Eternal problems of the Vera app

A robust, all-inclusive Wiki containing full documentation for each controller, device, feature, etc. I believe this has been done already, but if you held a gun to my head, I couldn’t tell you where to find it. (I suppose this page comes closest? Yet it doesn’t even link to the Forum!)

I think this, combined with the above suggestions, points to the overall impression of ezlo’s ecosystem being entirely too scattershot at present. It needs to be much more cohesive for newcomers to make any sense of things. (The Forum itself at least has decent structure, but for n00bs it still might look like deep, murky waters.)


Go sign up as a smartthings developer. See what they have.

Figure out what you need to do to lure developers away.

I picked SmartThings because they are not beloved by developers. I don’t know who is the best ecosystem for developers, but I am pretty sure it isn’t ST. Beating ST at developer support may be more than ezlo can manage, but it doesn’t set you up for crushing failure and has a possibility of some success.

With ST changing their language and api, they are going to disenfranchise a lot of their classic devs but also a lot of new devs will see an opportunity to get in on the ground floor of a large, hungry market.

If your environment is better, you may pick up some skilled devs. If not, you are going to be limited to people who wander into ezlo more or less by accident.

But never, ever forget that no matter how crappy their tools are or how many hoops developers have to hump through that part and parcel of “what they have” includes a global install base that’s probably two orders of magnitude bigger than vera’s ever was, copious agreements with other manufacturers, board-level involvement on multiple foundational technology special interest groups, direct product integration support from their appliance, home electronics, and smartphone divisions and indirect support from their heavy equipment and electronic fab divisions that help subsidize other Samsung ventures.


First of all thank you for all of your feedback and support.

As it was already pointed out, these items are not new and they’re standard tools provided provided by use in part with the old platform or provided by our competitors, so all of the items below are part of our roadmap and are today in different stages of our process.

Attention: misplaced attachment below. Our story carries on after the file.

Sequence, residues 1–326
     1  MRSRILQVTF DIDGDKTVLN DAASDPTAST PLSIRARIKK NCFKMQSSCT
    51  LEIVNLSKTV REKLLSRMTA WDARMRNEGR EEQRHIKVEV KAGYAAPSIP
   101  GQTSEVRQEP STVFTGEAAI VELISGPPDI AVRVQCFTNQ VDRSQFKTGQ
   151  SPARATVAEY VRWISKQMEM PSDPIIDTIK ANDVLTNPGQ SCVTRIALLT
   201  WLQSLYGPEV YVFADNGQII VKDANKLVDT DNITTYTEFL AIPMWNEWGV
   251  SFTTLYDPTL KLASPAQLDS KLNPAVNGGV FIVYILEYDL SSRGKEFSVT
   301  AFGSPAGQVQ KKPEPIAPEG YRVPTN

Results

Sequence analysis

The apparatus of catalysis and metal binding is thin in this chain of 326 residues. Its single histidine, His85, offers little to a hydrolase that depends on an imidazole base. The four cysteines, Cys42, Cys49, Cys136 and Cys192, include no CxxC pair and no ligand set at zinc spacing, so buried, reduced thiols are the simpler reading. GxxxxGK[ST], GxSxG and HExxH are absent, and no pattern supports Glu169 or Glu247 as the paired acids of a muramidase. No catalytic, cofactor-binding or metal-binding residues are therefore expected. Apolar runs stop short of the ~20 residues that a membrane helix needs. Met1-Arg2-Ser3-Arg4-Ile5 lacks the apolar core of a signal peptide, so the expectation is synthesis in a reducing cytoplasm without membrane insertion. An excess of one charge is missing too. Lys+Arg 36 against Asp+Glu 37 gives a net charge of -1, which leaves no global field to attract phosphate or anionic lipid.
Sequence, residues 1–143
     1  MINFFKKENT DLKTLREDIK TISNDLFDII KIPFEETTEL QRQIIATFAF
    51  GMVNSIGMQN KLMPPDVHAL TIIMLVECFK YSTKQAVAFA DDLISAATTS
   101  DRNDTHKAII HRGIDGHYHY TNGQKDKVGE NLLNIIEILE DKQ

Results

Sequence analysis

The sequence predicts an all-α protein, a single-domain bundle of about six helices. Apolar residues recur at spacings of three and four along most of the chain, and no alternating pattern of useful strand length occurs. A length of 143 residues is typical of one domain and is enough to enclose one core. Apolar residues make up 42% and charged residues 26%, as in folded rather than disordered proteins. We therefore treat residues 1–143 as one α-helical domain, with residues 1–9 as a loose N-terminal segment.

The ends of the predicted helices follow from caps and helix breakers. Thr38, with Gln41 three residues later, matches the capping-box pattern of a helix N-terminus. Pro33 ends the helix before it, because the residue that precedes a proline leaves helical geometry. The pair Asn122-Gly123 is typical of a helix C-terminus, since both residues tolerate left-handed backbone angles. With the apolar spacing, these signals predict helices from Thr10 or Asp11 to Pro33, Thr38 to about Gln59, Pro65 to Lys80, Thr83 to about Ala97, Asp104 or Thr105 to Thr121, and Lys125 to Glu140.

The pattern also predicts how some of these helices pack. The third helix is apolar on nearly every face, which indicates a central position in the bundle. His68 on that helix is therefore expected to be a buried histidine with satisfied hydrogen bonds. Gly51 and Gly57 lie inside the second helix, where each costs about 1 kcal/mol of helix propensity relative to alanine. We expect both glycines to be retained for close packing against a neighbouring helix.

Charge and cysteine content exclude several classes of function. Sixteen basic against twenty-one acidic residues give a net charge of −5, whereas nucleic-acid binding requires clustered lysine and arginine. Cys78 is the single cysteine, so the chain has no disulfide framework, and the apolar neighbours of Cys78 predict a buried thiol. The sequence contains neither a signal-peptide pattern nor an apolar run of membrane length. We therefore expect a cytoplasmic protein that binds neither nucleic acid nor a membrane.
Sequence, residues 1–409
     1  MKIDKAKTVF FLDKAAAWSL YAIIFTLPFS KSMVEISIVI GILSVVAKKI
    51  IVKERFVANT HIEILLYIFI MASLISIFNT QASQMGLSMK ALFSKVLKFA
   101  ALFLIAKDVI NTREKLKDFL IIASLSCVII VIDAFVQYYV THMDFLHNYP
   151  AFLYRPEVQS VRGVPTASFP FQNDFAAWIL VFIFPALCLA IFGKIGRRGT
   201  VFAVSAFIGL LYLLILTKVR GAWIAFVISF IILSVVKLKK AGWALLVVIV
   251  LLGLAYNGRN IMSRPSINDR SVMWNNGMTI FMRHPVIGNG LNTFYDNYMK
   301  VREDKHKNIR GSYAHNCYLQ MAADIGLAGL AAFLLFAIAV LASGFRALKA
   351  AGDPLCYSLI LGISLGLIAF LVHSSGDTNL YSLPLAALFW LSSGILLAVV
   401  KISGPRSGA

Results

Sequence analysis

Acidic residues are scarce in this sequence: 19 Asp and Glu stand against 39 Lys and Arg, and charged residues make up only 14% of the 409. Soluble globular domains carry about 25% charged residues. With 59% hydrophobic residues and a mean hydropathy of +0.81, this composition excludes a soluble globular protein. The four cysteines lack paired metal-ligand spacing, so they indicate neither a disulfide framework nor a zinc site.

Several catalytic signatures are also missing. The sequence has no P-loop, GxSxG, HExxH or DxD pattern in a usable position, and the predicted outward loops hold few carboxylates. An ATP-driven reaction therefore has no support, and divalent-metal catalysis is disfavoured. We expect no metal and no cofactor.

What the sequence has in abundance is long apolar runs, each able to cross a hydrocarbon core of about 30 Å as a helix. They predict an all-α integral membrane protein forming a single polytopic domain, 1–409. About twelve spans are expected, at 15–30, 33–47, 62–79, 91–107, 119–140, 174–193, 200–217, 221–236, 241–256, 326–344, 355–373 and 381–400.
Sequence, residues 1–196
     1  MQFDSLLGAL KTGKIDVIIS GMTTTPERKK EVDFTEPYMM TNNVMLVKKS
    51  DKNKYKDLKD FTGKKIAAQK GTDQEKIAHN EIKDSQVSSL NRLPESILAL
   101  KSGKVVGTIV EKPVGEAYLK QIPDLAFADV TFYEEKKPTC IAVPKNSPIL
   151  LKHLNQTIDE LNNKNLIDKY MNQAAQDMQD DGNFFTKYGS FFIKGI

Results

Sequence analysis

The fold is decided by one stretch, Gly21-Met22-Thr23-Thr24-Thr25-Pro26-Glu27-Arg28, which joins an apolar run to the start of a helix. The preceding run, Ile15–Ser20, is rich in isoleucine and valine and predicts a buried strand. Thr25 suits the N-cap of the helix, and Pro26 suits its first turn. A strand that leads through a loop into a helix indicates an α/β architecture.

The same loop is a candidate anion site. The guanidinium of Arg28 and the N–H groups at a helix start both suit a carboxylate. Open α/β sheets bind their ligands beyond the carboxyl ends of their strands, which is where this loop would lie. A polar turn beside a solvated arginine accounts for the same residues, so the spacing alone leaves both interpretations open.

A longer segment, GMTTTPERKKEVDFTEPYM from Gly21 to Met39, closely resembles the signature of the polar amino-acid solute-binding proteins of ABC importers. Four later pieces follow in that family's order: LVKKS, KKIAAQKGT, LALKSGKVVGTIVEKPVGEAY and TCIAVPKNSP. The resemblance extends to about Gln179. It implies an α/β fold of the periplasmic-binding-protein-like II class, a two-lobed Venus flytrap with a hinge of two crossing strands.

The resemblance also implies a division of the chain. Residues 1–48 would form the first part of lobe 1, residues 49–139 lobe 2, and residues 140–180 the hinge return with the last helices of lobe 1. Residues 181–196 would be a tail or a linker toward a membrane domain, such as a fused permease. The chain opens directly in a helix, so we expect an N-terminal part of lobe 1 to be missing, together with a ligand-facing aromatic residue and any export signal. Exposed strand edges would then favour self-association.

Please see below more details per specific request:

  1. “Bug Tracking”
  2. “Public feature request system”
  3. “Dedicated developer relations”
  4. “A robust, all-inclusive Wiki containing full documentation for each controller, device, feature, etc.”

We are trying to solve for all of these requests with tools that are interlinked and are updated in real time based on out put from our internal tools. We analysed and tested several tools
and we are leaning towards Service Desk from the Atlassian suite. This will allow us to track different types of arequests as well as search through documentation or roadmaps posted in a Confluence workspace.
One of the small setbacks of using this tool is that the users will have access to their own tickets rather than seeing all tickets posted by all users. We’re working on solution for this.

  1. An app store for publishing and installing plugins.

I think it’s safe to say that the appstore we have for the old platform is severly outdated so the plan is to invest a lot of time in building a whole new app store with a lot of new features we’re missing today.
We will soon get started on this initiative and will be able to provide at leas a high level estimate of when this will be available.

  1. Public plugin architecture road map
  2. Development roadmap

We will include in the Confluence workspace a high level version of the roadmap, so users can check it before submitting a new feature request.


Skype is awesome… for talking to my 94-yo m-i-l. I work for a software company. No Skype. Of course, we’re serious about what we develop, too.


Talk? they are not using skype to “talk”…they are using it to “type”…can she type fast? (a chat app is a chat app…you type the other side sees…) Are you saying When you type in skype other party can’t see or type back?

Unless your Skype is set up different from my Skype, it doesn’t provide a permanent history of conversations accessible to anyone later, preventing he-said/she-said debates.

That permanence is important when a feature is 3 or 4 sprints back. MS Teams has history but I doubt you are adding external devs to your Teams, so they don’t have that record.

We use slack for durable chat with people outside the dev group (product owners, SMEs, etc). Then when something useful comes out of the discussion it can get moved to the dev group’s internal docs AND the original discussion is preserved where all current and future participants can access it.

Discord would be another, probably less expensive, option.


Yep and moving pictures. lol

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And we do use Skype in my company. But only to talk. Not to type.

It has a decent video chat + shared whiteboarding function.

The whiteboards get exported and dropped to docs and/or slack.

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Exactly the point…you use these kind of tools for realtime communication then take that output and push it internally to Jira or Confluence etc. So the value of skype in the above example as a tool to facilitate realtime communication which then results in internal documents to be created. Ideally internal documents created (with proper ticket numbers etc) would encompass all the discussion therefore historical storage is provided by the internal systems.